The high voltage lines carry AC (with a very few exceptions). When an animal hangs on the line, it has a certain Capacitance (a tiny capacitance between it and Earth). The AC voltage on the cable causes a minscule charge to flow on and off the animal every cycle of the AC. The size of the animal and the actual value of the AC voltage govern whether this tiny AC current is enough to kill it, tickle it or have no effect.
Apparently, the highest voltage transmissions lines cause death or discomfort to birds that try to perch but the intermediate voltage lines (up to about 50kV) are OK. Hence you only get birds perching on them.
Maintenance staff can work on the high voltage lines, live. They get access by helicopter and they have to wear Faraday (conductive) suits so that the induced currents flow over the suit and not through their bodies. (Total nutters - I reckon - hanging up there with those lethal voltages and then having to step off and onto a hovering helicopter. Danger of death, danger of death and danger of death)

6. Feb 4, 2013

### jim hardy

lineman's hot suits (a Faraday cage they wear)

http://www.hubbellpowersystems.com/lineman/accessories/suit.asp

Sophie is right. Capacitance is proportiopnal to area/distance, and the bird's surface area gives him a small capacitance to earth. If capacitive current into and out of his feet is enough to tickle he'll probably leave to find another wire.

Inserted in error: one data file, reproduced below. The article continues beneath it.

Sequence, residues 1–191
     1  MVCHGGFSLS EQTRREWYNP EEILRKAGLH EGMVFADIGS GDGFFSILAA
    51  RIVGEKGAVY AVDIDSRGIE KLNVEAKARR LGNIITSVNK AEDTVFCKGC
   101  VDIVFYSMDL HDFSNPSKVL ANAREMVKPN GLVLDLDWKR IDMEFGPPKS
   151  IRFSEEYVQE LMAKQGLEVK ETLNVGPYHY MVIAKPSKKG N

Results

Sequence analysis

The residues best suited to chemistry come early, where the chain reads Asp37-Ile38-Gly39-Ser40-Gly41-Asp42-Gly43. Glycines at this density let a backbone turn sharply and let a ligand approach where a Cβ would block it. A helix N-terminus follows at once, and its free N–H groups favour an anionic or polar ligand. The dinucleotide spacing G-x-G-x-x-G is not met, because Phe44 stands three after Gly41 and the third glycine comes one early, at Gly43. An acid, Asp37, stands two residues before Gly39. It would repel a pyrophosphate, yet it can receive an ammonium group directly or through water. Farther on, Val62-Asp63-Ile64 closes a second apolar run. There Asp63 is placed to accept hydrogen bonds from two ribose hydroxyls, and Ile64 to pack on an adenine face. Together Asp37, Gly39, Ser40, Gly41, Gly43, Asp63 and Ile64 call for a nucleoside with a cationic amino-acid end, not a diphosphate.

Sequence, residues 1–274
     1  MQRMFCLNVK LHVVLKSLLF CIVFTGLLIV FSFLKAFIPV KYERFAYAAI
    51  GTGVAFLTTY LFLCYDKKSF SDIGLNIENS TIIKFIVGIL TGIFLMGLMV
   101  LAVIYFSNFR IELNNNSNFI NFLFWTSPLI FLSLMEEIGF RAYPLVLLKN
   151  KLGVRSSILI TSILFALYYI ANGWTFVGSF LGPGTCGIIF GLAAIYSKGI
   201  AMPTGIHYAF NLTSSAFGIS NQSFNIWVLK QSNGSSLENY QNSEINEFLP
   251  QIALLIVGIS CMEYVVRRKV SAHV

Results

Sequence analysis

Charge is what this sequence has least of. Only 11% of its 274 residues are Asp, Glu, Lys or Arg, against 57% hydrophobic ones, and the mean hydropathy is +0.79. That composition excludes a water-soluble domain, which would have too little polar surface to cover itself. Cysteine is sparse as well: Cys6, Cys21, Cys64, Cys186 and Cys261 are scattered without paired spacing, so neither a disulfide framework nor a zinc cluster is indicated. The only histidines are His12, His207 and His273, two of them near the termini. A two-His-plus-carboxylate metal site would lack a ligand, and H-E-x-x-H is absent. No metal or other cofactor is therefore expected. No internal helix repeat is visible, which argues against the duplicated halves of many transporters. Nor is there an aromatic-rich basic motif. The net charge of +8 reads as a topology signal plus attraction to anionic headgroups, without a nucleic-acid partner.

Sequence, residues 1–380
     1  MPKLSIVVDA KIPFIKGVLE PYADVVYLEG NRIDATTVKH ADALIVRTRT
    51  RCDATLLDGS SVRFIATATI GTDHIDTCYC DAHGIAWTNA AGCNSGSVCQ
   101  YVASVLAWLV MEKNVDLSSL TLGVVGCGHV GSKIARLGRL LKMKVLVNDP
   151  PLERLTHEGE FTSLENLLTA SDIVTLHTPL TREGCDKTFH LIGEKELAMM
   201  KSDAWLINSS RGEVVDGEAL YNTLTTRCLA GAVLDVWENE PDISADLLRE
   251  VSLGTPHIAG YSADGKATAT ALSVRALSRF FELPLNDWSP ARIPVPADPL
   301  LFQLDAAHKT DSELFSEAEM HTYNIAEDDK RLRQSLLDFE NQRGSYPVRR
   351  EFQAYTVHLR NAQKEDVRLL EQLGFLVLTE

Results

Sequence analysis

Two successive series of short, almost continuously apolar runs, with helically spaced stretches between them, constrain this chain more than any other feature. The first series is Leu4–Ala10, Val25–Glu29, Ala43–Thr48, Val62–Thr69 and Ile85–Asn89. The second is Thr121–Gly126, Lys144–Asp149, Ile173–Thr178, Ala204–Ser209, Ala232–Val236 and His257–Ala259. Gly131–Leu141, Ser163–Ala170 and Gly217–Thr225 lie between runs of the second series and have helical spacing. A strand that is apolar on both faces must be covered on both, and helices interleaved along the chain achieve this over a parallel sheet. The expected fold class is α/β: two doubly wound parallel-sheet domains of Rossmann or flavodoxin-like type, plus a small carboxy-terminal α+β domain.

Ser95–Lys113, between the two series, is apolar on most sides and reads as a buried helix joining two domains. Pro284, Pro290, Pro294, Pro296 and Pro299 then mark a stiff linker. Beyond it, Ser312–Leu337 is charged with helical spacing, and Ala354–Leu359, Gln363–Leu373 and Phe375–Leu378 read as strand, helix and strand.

I recently drove across Kansas , quite a few miles along some medium voltage transmission lines. On each pole was a structure to keep birds from landing on the crossarm that supports the wires. That's because a large hawk (or buzzard) has wingspan enough to bridge the distance between the wires ..

old jim

old jim

7. Feb 4, 2013

8. Feb 5, 2013

### Fjolvar

Can anyone help me with this one please?

9. Feb 5, 2013

### DrZoidberg

I have a 220kV line running past my town and I have often seen birds sit on the ground wire but they never sit on a current carrying wire.

10. Feb 5, 2013

### gnurf

There's a potential difference between the wire and ground regardless of the bird, but when you connect a conducting bird between the two, that entire potential will be across the bird. The bird provides a current path with whatever resistance the bird can muster. OK I just realized I picked a rubber duck. I'm not very good at this, sorry.